High Speed Railways Redefining China’s Infrastructure

Published on Author harringtonj16
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One of the high speed trains redefining China

China has seen a rapid expansion of its high-speed train rails in the last five years. This efficient method of transportation is redefining how both Chinese nationals and tourists travel through China. This obviously also indicates how Chinese infrastructure in and of itself has developed and continued to evolve in a continually changing socioeconomic climate.

China is a country defined by travel. As we know, the internal migration in China is the largest human migration in history. High-speed trains are facilitating this movement. At the end of 2013, China had 11,000 kilometers of high-speed rail. Now, in a little over a year, there are more than 16,000 kilometers, and the tracks will undoubtedly continue to expand.

The Beijing to Shanghai route alone had over 100 million trips during this same year. This line has been in service since 2011, but it hasn’t made a profit until now. Although not a particularly common route for migration, tourism is also benefitting greatly from these investments in infrastructure and contributing to the travel numbers.

Tourism is a large sector of the Chinese economy; therefore increasing a common mode of transportation decreases the costs but also increases demand by allowing easier access. It’s a win win situation. Ticket prices are also incredibly low and continually being pushed down, yet volumes are ever increasing. The combination of both these factors is at the point where Chinese travel companies are beginning to market trips around train lines. CTrip, one such company, offers 385 different train tour package deals. And to top it off, these new high-speed rails are allowing easier access to less travelled destination within China.

In all, much of what China has been doing economically is heavy investment in nationwide projects. Chinese officials obviously believe that greater cohesion across the country will pay dividends. These new railroad projects are holistic realizations of these goals. Infrastructure is developed, and economic expansion follows: common theme seen in China. The same idea is behind recent economic zone plans as well. But a more widely developed China, the clear next stage in the plan, is one way how China will cope with the inevitable slowdown of its economy. Bigger, it seems, is better.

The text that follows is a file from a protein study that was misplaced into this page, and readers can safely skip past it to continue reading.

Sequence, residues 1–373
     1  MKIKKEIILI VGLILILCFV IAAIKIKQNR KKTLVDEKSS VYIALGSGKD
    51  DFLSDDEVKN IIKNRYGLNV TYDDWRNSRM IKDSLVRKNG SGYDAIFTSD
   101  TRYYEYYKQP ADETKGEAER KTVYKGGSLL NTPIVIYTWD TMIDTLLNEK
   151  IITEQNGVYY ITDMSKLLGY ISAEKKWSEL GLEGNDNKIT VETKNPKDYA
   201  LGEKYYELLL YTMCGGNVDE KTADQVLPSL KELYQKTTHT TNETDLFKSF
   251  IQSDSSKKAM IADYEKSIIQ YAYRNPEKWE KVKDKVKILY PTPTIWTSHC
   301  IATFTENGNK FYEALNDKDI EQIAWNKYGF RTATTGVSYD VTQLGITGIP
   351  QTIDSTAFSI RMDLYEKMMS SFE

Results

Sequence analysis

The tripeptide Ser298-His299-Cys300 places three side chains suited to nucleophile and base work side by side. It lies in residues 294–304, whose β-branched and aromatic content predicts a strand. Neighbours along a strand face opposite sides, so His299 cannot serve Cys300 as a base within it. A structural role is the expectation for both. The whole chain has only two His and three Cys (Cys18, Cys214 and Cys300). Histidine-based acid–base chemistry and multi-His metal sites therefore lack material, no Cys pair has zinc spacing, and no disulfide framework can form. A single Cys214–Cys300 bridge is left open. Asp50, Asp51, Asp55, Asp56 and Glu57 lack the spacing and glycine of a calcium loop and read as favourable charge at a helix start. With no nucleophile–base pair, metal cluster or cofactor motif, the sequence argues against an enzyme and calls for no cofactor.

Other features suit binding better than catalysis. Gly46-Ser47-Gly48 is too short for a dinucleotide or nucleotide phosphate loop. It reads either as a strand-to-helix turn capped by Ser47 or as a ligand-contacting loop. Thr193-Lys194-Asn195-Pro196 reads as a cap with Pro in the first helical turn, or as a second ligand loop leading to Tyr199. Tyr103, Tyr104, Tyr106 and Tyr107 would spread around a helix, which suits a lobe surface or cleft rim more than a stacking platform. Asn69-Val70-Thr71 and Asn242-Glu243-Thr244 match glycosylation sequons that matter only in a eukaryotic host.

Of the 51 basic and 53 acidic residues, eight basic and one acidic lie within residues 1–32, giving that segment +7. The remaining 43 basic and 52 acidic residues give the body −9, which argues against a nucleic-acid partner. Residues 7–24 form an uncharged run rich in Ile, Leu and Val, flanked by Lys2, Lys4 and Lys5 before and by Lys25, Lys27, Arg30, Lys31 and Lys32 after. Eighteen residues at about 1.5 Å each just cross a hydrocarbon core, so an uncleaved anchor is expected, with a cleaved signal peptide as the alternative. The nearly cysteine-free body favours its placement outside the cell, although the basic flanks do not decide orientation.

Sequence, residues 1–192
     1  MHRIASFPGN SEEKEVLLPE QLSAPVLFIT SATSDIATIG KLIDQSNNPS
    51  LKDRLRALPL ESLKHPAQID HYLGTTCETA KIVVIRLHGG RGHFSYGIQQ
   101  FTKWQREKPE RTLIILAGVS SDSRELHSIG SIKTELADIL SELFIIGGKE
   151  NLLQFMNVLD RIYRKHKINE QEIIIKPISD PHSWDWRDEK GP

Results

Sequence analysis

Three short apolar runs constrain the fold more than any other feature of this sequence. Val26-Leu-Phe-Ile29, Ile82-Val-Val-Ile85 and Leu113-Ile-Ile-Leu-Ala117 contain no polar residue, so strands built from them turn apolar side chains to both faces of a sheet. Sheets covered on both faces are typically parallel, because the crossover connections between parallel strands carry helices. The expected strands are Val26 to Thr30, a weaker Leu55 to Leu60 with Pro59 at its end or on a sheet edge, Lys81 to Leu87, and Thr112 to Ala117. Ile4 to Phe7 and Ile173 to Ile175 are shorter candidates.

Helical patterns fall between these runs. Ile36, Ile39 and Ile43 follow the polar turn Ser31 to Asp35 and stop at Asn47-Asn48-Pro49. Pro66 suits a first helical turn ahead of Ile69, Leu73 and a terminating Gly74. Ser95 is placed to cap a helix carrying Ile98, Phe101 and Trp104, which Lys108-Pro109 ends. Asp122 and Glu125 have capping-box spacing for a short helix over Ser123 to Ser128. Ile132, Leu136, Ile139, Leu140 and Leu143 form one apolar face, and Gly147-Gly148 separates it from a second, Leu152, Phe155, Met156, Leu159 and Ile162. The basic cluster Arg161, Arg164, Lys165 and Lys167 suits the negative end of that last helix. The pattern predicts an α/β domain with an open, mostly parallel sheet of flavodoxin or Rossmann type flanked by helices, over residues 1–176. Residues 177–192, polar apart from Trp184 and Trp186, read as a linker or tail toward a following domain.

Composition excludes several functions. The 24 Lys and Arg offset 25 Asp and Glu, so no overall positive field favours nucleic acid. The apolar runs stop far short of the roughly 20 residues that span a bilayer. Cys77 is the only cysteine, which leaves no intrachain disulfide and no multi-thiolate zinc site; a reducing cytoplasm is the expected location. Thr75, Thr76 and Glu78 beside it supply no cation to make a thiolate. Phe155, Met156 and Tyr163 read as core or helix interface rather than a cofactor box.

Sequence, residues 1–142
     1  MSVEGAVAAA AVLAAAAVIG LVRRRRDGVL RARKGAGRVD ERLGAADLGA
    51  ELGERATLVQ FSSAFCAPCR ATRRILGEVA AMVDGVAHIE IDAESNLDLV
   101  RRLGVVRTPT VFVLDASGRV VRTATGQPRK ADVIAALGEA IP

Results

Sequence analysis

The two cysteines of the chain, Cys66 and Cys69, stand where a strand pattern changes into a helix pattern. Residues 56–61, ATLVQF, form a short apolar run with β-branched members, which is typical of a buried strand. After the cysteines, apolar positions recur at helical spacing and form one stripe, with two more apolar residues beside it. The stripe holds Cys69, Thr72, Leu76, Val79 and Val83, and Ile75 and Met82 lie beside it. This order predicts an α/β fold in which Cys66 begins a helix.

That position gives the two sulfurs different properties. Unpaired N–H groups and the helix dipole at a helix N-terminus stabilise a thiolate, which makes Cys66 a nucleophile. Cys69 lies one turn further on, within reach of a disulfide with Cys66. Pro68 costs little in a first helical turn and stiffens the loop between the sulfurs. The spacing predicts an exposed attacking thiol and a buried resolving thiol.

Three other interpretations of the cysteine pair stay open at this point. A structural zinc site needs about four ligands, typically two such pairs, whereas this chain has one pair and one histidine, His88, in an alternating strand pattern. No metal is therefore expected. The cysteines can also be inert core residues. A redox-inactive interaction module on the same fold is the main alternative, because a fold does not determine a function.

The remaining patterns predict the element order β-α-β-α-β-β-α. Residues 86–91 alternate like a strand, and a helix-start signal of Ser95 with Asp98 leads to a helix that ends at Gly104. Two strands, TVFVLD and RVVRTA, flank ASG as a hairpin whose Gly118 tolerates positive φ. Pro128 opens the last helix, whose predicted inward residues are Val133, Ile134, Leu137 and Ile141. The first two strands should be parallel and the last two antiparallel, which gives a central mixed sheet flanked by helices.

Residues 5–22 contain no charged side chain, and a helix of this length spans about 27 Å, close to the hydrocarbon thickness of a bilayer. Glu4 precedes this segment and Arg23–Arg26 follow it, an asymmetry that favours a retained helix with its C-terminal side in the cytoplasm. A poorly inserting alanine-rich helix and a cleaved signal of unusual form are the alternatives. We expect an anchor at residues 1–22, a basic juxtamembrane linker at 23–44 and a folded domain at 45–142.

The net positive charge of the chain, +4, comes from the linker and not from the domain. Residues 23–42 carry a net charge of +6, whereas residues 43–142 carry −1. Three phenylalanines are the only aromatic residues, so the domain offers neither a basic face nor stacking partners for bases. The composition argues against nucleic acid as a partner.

Source: http://usa.chinadaily.com.cn/travel/2015-04/04/content_20002351.htm

3 Responses to High Speed Railways Redefining China’s Infrastructure

  1. What of business travel?

    As per a comment on a previous post on high-speed rail, what of freight transportation? If the rail system can be structured to link with (for example) the Chinese equivalents of UPS and FedEx, that’s a potential big gain for the environment. For longer distances, high-speed rail might be a very attractive alternative to air freight, whereas for the business traveler or the non-retired vacationer cutting time may push them to air travel. I don’t know about the EU, but in Japan rail proved to inflexible to handle non-bulk freight.

  2. High-speed rail travel by European businessmen and businesswomen has been undermined by the availability of cheap air fare. In most instances (depending on the destination), flying turns out to be a cheaper alternative to travel by train. Companies like RyanAir advertise offer flights from Barcelona, Spain to Florence, Italy for under 100 euro’s, much cheaper and more convenient than taking a train.

  3. Personally, I love the idea of high-speed trains, not just for passenger travel but for other applications. Like the prof said, we can potentially expect them to carry on freight (at least non-bulk) as well. Given the low cost of tickets, businesses would be able to significantly cut down shipping expenses if some high-speed trains exclusively cater to this. It’s yet another reason to believe that China is evolving from its image of the hazy, smokestack-laden cities.